Sharjah: Iraqi Nobel Peace Prize winner and human rights activist Nadia Murad said the international community has failed to protect minorities but should not fail to reconstruct the damage and rebuild the Sinjar province in Iraq that is home to the Yazidi ethnic minority that she belongs to.
In her first public address speaking engagement since the release of her memoir, The Last Girl: My Story of Captivity, and My Fight Against the Islamic State, which documents her horrific experience as a captive by Daesh, Murad called on the world to unite to help Yazidis return to their home.
“World leaders said we need to protect minorities but the international community hasn’t helped minorities go back to their areas. The international community should not fail to reconstruct Sinjar and should hold all the perpetrators accountable for their crimes against Yazidi minorities,” she said.
Among the people speaking at the ‘Investing in the Future’ conference, which kicked off this morning in Sharjah, is Iraqi activist Nadia Murad pic.twitter.com/1UJNOr0fum— Gulf News (@gulf_news) October 24, 2018
She made the remarks as a keynote speaker at the ‘Investing in the Future’ conference’, which seeks to address the challenges facing youth.
“My survival case comes with a purpose and obligation, which is why I have launched the Nadia’s Initiative, an organisation dedicated to helping women and children who have been victimised … My initiative is trying to get support the needed to get Sinjar rebuilt,” she said.
She added that both governments and non-government organisations share the responsibility to join her in her efforts. “If we are united we can make a difference and help the victims.”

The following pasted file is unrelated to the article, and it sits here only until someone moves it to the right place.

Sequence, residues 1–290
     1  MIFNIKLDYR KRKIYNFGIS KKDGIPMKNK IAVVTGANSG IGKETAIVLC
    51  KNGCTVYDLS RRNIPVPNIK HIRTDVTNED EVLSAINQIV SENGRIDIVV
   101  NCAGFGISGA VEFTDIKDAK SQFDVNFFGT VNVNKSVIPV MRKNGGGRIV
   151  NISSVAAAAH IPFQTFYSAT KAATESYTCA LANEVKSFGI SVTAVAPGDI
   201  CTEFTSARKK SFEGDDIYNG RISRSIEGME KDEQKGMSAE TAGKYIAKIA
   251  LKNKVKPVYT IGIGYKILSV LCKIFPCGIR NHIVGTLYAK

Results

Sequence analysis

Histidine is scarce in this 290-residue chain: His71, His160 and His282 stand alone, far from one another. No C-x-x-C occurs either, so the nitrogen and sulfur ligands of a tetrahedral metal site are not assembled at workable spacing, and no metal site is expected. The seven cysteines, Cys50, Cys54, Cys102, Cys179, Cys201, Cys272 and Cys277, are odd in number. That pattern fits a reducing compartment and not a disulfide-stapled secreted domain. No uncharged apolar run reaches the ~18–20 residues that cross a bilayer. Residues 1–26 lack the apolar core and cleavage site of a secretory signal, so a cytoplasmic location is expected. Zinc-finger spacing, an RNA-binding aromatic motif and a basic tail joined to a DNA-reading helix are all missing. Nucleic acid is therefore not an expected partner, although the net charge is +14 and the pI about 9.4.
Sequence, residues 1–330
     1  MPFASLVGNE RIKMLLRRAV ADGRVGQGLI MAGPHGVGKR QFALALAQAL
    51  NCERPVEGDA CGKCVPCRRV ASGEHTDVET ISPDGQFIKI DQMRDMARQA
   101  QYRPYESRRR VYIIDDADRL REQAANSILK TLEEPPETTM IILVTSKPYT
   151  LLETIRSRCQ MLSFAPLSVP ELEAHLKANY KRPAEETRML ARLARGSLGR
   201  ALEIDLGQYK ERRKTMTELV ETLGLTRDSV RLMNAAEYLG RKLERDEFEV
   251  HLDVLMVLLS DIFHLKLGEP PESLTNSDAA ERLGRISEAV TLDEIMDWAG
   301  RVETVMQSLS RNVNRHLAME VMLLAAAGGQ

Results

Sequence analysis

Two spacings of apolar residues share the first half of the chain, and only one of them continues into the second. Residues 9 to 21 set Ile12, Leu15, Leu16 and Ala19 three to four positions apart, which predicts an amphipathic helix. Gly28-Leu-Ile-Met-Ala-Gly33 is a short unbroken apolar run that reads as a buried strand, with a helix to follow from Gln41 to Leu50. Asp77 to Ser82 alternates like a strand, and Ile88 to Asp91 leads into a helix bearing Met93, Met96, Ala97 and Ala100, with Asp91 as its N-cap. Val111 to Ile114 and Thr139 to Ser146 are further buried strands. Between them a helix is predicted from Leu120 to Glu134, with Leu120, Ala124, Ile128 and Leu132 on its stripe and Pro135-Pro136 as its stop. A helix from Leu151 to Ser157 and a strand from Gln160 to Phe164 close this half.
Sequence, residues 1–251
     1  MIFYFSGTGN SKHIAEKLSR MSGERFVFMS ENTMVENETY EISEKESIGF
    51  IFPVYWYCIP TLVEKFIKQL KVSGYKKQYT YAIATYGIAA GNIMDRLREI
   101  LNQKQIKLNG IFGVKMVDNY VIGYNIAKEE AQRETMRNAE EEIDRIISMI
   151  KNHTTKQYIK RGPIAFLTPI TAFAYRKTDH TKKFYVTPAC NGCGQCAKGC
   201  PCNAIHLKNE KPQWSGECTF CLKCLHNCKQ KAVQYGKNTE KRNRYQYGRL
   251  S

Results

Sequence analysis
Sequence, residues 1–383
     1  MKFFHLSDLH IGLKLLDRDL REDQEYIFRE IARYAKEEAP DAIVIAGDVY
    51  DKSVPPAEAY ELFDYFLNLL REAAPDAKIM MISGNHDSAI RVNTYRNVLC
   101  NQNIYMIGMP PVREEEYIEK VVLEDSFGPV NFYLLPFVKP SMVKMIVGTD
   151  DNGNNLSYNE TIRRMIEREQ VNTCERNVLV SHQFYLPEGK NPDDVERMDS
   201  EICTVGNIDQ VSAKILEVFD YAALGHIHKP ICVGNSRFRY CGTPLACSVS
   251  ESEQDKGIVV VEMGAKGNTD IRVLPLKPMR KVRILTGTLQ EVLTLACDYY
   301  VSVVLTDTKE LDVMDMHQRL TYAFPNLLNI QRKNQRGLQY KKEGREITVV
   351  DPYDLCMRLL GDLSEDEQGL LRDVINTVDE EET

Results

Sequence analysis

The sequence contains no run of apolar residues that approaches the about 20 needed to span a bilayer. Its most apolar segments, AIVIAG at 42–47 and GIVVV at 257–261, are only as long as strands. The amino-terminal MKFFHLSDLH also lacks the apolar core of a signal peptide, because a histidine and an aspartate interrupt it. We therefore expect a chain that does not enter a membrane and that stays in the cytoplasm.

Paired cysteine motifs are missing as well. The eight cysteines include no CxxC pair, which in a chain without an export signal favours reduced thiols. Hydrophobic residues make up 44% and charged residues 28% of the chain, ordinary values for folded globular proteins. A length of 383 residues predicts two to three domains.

The situation in the province in northern Iraq is dire as the villages have been reduced to rubble and the majority of Yazidis continue to live in camps. Although the areas were liberated from Daesh a year ago, there has been no reconstruction.
Murad voiced her concern for the struggle faced by more than 3,000 Yazidi women and children, who remain in captivity.
“The world witnessed a campaign of ethnic cleansing in August 2014. Thousands of innocent people were murdered and thousands were held captive where they endured unspeakable acts of violence. We lost an infinite number of people,” she said. “
Having been chosen as a laureate for the Nobel Peace Prize, she said it “comes with responsibility to face challenges to be an echo in speaking up against genocides. I have the responsibility to translate peace and stability or future generation. Not one Daesh terrorist was held accountable for what was perpetrated against our women”.
She added: “I represent young women, who don’t have access to such platform to say what needs to be said. We have to work together in order to prove that genocidal campaigns will fail and lead to accountability of the perpetrators and bring justice for survivors.”
Born in the Yazidi village of Kocho, high in the Sinjar Mountains of north Iraq, Murad was barely 21 when Daesh extremist group overran her little hamlet in August 2014. Along with other girls in her tiny village, she was made a sex-slave and exploited by the militia.
Before being taken away, she witnessed the slaughter of her Yazidi community. Daesh killed hundreds of people in Kocho, including six of Nadia’s brothers.
Who is Nadia Murad?
■ Nadia Murad is an Iraqi Yazidi human rights activist who lives in Germany.
■ In 2014, she was kidnapped from her hometown of Kocho and held by Daesh for three months.
■ Murad is the founder of Nadia’s Initiative, an organisation dedicated to “helping women and children victimised by genocide, mass atrocities, and human trafficking to heal and rebuild their lives and communities”.
She and Congolese gynaecologist Denis Mukwege were jointly awarded the Nobel Peace Prize for “their efforts to end the use of sexual violence as a weapon of war and armed conflict”.
■ She is the first Iraqi to be awarded a Nobel Prize.